Eur J Clin Pharmacol. 2022 Mar 5. doi: 10.1007/s00228-022-03303-4. Online ahead of print.


PURPOSE: Examine SSRIs’ efficacy in treating depression, anxiety, PTSD, and substance use in individuals with addiction.

METHODS: From their inception until August 6, 2021, we searched Google Scholar, PubMed, Scopus, OVID MEDLINE, and Academic Search Complete. We included randomized controlled trials (RCTs) and omitted open-label studies. Bayesian analysis was performed. Bayes factor (BF) established efficacy and tau (τ) statistical heterogeneity. The RoB2 method assessed potential biases. Subgroup analysis was carried out to determine SSRI performance. Treatment duration, SSRI dosage, and attrition rate were all examined in meta-regression.

RESULTS: We investigated 64 RCTs with 6128 participants. SSRIs reduced depressive symptoms in opioid, alcohol, cocaine, cannabis, and nicotine use disorders (d = 0.353, BF > 99); social anxiety symptoms in alcohol use disorder (d = 0.875, BF > 99); and generalized anxiety symptoms in opioid, alcohol, cocaine, marijuana, and nicotine use disorders (d = 0.346, BF = 4.236). Evidence for PTSD was inconclusive. SSRIs facilitated abstinence for opioid, alcohol, cocaine, cannabis, and nicotine use (d = 0.325, BF > 99); reduced craving for alcohol, cocaine, and nicotine use (d = 0.533, BF = 24.129); and reduced alcohol use (d = 0.452, BF > 99) and cocaine use (d = 0.255, BF = 3.87). Fluoxetine showed the highest antidepressant effect. There was no effect of attrition rate, SSRI dosage, or treatment length on SSRI’s efficacy.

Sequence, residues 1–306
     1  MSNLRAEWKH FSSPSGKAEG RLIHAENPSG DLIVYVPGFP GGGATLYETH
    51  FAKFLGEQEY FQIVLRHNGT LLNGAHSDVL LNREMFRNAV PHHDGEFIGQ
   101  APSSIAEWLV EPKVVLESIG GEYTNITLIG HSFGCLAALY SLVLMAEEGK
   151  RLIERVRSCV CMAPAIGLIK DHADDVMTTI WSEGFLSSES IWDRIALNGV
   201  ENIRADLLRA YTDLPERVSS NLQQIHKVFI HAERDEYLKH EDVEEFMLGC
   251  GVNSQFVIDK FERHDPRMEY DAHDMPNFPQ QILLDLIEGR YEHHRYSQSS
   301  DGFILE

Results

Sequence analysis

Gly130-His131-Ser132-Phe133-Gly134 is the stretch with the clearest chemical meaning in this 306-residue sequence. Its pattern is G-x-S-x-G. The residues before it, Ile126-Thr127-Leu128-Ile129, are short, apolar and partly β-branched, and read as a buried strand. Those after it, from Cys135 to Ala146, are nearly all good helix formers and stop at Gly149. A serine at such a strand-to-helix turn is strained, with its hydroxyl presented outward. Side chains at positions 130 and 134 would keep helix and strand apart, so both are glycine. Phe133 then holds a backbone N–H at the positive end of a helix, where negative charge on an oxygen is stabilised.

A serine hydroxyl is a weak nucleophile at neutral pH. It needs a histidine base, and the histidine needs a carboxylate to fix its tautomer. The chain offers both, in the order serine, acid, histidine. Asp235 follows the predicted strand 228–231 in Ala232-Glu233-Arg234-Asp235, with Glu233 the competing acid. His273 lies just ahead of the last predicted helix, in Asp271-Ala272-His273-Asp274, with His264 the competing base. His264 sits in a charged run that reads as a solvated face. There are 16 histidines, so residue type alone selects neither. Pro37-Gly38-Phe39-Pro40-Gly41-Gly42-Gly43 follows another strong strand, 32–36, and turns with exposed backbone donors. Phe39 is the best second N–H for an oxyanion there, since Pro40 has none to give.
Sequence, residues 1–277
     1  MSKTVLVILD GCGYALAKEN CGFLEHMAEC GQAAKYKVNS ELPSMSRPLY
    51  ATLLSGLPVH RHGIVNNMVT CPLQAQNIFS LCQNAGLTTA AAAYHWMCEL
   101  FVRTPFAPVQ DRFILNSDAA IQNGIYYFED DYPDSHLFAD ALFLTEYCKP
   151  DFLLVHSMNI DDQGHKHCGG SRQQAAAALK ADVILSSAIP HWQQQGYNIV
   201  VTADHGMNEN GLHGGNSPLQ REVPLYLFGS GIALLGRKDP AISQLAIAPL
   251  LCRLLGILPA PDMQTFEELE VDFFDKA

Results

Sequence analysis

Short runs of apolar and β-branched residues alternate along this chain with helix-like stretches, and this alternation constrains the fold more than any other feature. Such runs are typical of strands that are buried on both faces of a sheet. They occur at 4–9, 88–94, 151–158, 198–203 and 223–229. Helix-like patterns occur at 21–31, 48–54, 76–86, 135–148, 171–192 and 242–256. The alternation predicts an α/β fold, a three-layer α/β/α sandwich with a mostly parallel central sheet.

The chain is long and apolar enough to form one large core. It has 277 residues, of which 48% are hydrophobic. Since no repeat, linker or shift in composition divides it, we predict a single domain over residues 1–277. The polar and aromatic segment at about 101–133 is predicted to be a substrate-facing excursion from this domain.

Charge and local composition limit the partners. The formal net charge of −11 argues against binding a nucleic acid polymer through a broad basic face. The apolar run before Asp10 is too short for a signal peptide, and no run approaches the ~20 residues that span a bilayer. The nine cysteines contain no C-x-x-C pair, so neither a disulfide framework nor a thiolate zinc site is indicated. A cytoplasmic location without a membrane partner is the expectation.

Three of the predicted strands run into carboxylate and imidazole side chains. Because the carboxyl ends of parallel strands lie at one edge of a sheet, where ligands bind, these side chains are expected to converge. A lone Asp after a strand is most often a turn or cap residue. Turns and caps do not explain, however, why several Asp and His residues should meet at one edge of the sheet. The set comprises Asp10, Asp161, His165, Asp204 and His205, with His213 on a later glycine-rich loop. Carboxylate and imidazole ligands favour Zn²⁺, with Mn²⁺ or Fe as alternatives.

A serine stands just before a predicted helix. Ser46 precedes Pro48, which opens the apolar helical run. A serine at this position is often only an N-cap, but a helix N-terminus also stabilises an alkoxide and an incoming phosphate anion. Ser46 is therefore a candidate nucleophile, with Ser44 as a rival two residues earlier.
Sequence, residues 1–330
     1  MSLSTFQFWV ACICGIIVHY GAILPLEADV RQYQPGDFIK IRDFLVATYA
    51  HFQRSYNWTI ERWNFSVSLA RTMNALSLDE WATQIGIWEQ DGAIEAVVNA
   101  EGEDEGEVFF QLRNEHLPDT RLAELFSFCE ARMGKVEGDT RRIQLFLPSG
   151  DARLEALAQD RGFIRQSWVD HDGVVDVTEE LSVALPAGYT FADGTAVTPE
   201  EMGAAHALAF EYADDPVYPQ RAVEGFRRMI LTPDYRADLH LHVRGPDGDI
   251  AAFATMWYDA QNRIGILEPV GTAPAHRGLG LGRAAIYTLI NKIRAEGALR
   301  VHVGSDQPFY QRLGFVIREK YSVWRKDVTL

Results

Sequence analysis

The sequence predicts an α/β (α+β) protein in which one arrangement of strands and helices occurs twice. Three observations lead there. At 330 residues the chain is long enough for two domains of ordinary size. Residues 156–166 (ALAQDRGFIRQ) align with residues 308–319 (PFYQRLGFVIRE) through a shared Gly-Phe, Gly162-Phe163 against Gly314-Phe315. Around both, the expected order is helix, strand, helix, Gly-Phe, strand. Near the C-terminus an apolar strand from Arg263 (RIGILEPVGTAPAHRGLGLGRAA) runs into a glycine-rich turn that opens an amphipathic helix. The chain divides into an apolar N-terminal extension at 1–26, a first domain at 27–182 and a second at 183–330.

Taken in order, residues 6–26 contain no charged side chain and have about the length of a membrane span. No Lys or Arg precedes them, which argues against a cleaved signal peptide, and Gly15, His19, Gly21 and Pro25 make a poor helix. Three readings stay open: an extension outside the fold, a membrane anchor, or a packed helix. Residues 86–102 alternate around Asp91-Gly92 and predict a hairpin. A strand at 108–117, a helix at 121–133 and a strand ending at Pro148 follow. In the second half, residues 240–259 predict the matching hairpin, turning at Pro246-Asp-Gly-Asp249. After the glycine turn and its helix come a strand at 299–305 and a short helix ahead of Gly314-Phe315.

CONCLUSIONS: Results support the use of SSRIs to treat substance use, depression, and anxiety in individuals with addiction.

PROTOCOL REGISTRATION: PROSPERO registration number: CRD42020164944.

PMID:35246699 | DOI:10.1007/s00228-022-03303-4

Source: ncbi 2

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